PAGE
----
FREE KIC - NO. 107 SEP 18

TED AND TODD ARE MAKING BERKSHIRE MOD!

Back in February 2007 I wrote an opinion piece about DCC. Towards the end of that opinion piece I wrote about how I had arranged a meeting with the head of Investor Relations which in the end was also attended by the Chief Financial Officer, Fergal O'Dwyer. That meeting was useful and I want to highlight that both of them gave me the impression that I was being treated in the same way as they would treat a fund manager from a global investment institution with billions under management.
I was a DCC shareholder back then and have remained a shareholder ever since and throughout all those years I never felt the need to go back and meet management in person because they appeared to be doing a good job. I listened to their results announcements, read their annual and interim reports, spoke to my former colleagues about them and I have to say that I always felt that I could have confidence in them. In particular I have always been impressed by the no nonsense approach of Fergal O'Dwyer.
Back in 2007, DCC was primarily a UK and Irish business. Since then they have made a number of acquisitions that has expanded their geographic footprint into continental Europe. Starting in 2009 with a small €14m purchase in Denmark from Shell, they rapidly expanded into a number of European countries.
Naturally enough when a company expands into new countries you worry that the market might be different and mistakes might be made but those early acquisitions seemed to go well. Even when those acquisitions became bigger in size like the 2015 acquisition of Butagaz in France for €464m, I didn't feel uncomfortable. I hoped that DCC really had managed to find companies that had decent management teams in place.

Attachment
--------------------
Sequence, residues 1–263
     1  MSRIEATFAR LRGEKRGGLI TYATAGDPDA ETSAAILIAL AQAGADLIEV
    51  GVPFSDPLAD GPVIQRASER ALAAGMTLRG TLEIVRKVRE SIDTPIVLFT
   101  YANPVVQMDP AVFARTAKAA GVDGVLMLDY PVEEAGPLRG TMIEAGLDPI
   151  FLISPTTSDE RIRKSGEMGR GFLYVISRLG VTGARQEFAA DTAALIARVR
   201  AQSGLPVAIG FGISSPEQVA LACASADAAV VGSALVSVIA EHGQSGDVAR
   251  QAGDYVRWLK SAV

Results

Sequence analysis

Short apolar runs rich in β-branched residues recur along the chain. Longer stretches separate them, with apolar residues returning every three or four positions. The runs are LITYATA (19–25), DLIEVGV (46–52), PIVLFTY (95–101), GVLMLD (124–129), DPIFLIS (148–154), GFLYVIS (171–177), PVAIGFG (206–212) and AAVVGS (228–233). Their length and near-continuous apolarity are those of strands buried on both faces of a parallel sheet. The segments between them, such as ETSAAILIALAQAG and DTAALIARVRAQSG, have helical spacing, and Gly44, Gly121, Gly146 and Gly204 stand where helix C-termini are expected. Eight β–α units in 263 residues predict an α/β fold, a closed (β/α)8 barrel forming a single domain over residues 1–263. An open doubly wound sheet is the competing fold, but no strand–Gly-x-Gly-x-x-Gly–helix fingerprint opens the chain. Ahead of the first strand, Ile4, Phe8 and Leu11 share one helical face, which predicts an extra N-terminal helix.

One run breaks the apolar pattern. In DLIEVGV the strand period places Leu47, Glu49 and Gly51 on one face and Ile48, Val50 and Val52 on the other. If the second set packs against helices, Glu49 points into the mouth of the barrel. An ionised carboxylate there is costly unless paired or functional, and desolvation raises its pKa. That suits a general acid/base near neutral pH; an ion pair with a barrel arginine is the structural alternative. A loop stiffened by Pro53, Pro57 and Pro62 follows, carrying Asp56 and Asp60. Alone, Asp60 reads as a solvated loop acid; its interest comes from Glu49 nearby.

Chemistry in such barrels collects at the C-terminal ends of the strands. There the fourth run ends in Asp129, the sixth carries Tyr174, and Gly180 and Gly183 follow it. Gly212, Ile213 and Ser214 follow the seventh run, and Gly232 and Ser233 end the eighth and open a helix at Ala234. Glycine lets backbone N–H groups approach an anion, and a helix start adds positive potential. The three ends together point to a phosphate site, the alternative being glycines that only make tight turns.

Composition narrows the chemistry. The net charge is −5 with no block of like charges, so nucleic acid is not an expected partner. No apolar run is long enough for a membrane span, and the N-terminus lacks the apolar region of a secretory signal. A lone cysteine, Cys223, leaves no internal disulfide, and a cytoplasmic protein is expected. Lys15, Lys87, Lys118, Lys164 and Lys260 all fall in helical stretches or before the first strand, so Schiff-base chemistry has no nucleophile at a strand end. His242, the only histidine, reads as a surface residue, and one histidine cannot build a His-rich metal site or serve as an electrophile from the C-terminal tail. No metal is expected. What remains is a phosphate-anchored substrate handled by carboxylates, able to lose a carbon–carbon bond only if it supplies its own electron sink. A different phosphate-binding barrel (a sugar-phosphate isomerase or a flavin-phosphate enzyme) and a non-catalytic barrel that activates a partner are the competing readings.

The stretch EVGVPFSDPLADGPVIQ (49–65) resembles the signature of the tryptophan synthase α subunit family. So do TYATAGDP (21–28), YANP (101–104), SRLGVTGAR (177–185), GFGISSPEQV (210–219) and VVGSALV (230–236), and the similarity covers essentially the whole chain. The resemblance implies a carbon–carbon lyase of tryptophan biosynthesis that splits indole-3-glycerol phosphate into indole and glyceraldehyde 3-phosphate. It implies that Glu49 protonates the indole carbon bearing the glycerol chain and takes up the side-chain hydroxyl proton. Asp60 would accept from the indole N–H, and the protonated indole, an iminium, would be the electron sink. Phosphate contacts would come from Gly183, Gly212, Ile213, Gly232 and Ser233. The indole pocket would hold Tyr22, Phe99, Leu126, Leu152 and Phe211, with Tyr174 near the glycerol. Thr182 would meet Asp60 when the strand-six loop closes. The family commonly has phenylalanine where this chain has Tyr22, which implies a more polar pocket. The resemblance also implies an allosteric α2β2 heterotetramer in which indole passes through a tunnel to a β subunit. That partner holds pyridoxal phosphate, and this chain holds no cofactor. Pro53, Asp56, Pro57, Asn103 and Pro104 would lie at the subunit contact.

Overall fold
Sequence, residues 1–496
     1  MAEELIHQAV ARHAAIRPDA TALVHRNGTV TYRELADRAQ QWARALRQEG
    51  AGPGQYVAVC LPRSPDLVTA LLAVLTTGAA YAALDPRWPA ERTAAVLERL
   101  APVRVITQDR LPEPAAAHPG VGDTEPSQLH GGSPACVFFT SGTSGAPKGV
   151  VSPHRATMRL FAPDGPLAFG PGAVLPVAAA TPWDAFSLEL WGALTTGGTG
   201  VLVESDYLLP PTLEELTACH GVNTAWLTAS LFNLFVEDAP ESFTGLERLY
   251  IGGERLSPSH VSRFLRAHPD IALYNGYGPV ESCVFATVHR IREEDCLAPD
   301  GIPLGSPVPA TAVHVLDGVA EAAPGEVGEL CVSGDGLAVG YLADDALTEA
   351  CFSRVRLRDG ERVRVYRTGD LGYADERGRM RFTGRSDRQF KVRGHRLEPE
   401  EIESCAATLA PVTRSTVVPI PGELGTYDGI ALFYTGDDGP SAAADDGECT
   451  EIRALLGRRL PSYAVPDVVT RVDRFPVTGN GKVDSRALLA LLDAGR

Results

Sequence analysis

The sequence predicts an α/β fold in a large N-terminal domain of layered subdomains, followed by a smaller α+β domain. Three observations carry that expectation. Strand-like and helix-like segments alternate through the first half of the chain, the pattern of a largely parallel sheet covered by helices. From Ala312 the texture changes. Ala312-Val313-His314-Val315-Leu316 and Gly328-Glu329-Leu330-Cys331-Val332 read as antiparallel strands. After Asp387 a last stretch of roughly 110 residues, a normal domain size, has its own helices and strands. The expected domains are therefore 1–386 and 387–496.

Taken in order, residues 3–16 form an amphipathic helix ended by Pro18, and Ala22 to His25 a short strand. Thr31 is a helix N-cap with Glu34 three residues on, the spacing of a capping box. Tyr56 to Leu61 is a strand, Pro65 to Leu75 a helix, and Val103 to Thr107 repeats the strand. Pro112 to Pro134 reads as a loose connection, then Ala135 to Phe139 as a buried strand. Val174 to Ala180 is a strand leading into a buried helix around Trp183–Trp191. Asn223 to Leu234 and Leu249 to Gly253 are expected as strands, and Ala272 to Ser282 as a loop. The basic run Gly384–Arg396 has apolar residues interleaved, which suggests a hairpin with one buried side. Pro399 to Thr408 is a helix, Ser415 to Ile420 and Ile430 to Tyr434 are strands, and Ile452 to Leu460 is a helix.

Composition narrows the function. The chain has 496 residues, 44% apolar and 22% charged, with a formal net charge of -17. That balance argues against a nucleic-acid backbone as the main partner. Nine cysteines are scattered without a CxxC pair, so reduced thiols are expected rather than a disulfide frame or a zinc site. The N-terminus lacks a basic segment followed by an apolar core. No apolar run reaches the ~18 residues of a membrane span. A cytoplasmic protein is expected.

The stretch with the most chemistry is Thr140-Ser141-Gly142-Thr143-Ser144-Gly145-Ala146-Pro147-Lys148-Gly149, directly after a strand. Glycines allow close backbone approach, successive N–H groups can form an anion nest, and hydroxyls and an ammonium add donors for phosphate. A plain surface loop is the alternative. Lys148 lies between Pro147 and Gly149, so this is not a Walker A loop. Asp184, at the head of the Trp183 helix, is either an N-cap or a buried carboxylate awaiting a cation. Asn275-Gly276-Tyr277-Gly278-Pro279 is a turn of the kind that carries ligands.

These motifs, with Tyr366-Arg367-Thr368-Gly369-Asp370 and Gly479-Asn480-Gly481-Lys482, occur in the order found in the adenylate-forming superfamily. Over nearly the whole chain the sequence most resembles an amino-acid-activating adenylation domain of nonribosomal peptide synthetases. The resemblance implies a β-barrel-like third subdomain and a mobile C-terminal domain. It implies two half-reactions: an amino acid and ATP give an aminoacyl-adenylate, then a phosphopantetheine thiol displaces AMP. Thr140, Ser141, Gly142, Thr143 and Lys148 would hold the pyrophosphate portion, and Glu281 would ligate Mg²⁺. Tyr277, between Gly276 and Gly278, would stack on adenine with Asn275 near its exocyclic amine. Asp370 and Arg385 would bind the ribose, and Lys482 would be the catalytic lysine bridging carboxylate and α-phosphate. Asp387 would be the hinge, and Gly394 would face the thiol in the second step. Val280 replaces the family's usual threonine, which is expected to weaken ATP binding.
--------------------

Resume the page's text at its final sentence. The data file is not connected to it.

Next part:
I believe that DCC has always had a good corporate culture and that meritocratic culture would be recognised by the newly acquired teams and that this would generally allow a smooth acquisition process.
Even in late 2017 when they spent $200m acquiring Retail West an Illinois based energy company, I still felt that I could trust their judgement but I must admit that part of me did begin to worry that they might be growing too fast and stretching themselves too far. I suppose over the years I have become nervous about Irish companies making big moves into the American market because I have seen C&C, Greencore and Arytza all struggle with their attempts. I just began to worry that DCC might be stretching management resources a bit thin. Given that I wasn't that concerned I didn't feel the need to contact DCC. In practical terms this meant I made a mental note to myself that I might try to talk to them at some future date. (I take lots of mental notes to myself and sometimes I have been known to leave things for years and never do anything about it but if an opportunity comes along, I generally grab it.)

Earlier this year on May 15th DCC announced their annual results. As usual I read the announcement and listened to the conference call. Included in the results presentation was a slide with the following information:
Capital Markets Day Thursday, 13 September 2018

  • Being held in Butagaz, Rognac (Marseille)
  • Focus on the DCC Group and tour of LPG facilities in Rognac
  • To register your interest please email: dccinvestorday@powerscourt-group.com
This analyst day would inevitably have presentations given by members of the senior management team as well as including the tour of the Liquid Petroleum Gas (LPG) facilities. My immediate reaction was to say to myself that I should make the effort to attend as it would give me an opportunity to meet more members of the management team than I could possibly meet at head office as well as seeing the production facility. I didn't hang around. I've looked back at my emails and I can see that I sent an email at 10.32 am on the 15th. I even went as far as telling them that I was a shareholder and that a number of my clients were also shareholders because I hoped that this would help if there was a limit on the number of places available.